As the administration entered its second term, he suggested, the White House should take a more proactive approach to North Korea – especially given President Barack Obama’s recommitment to Asia and his outspoken advocacy on nuclear issues.

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North Korea’s third nuclear test shows military still first

North Korean leader Kim Jong-un at a  Secretaries Of Cells meeting

By Mark Fitzpatrick, Director, Non-Proliferation and Disarmament Programme

North Korea has again shown with today’s nuclear test that it marches to its own drum – and a decidedly militaristic drumbeat it is. The sole country to have pulled out of the Nuclear Non-Proliferation Treaty (NPT), and indeed, probably the only one to have signed the treaty with the clear intention of violating it, North Korea has been alone in the past 15 years in defying the international norm against nuclear testing.

Defiance might be called the national trait, and North Koreans may be proud to be described that way. In conducting its third nuclear test, Pyongyang not only defied warnings from Seoul, Tokyo and Washington, but also the cautions of its friends in Beijing and Moscow. In recent weeks, selective Chinese state media had been unusually blunt in threatening consequences if North Korea went ahead with its planned test. Now it is likely that China will allow additional Security Council sanctions. It may even apply selective sanctions of its own, as it reportedly did in 2003 in disrupting the flow of oil during the first North Korean nuclear crisis.

The test shows yet again North Korea’s priority for guns over butter, and that its policy of ‘Songun’ (‘military first’) is much more than a mere slogan. In addition to risking a cut-off of Chinese aid and oil, Pyongyang has also made it difficult for South Korean president-elect Park Geun-hye to follow through on her election promise to resume humanitarian aid to the North.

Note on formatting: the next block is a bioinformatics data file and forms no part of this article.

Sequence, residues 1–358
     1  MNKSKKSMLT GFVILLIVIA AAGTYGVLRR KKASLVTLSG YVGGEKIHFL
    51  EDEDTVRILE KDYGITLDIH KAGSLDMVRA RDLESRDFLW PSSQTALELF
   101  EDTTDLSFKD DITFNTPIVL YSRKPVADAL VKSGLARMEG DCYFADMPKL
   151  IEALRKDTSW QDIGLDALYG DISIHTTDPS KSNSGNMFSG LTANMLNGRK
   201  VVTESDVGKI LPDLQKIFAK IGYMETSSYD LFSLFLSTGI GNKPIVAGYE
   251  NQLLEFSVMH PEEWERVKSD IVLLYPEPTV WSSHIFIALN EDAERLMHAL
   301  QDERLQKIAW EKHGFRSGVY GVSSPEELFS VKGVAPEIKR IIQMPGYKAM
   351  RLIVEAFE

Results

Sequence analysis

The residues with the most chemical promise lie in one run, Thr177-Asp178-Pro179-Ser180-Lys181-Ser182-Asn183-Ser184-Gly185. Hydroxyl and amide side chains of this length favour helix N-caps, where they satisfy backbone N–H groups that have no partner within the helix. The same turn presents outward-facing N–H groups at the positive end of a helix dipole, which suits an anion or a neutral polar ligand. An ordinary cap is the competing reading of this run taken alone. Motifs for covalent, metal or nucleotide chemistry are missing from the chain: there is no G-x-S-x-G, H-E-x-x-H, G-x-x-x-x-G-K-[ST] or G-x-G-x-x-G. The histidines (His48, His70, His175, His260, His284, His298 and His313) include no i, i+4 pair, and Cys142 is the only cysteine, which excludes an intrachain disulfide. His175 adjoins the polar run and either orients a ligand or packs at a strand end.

Likewise, the new team that US President Barack Obama is assembling for his second term will be disinclined to pursue any new engagement policies with North Korea. Instead, new sanctions will be applied, especially to try to prevent North Korea from helping nuclear-weapons aspirations elsewhere.

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Khamenei douses hopes for nuclear talks

Ayatollah Ali Khamenei

By Mark Fitzpatrick, Director, Non-Proliferation and Disarmament Programme

He is a mad mullah after all – mad meaning angry, that is. Following the positive notes sounded by US Vice President Joe Biden and Iranian Foreign Minister Ali Akbar Salehi in Munich last week, it did not take long for Iran’s Supreme Leader, Ayatollah Ali Khamenei, to quash any optimism over the next round of nuclear talks between Iran and the international community. These are scheduled to take place in Almaty on 26 February.

In a speech on 7 February, Khamenei ruled out holding bilateral talks with America on his country’s controversial nuclear programme so long as Washington continued pressure tactics. He claimed the US was proposing talks while ‘pointing a gun at Iran’, adding that: ‘Some naive people like the idea of negotiating with America [but] negotiations will not solve the problems.’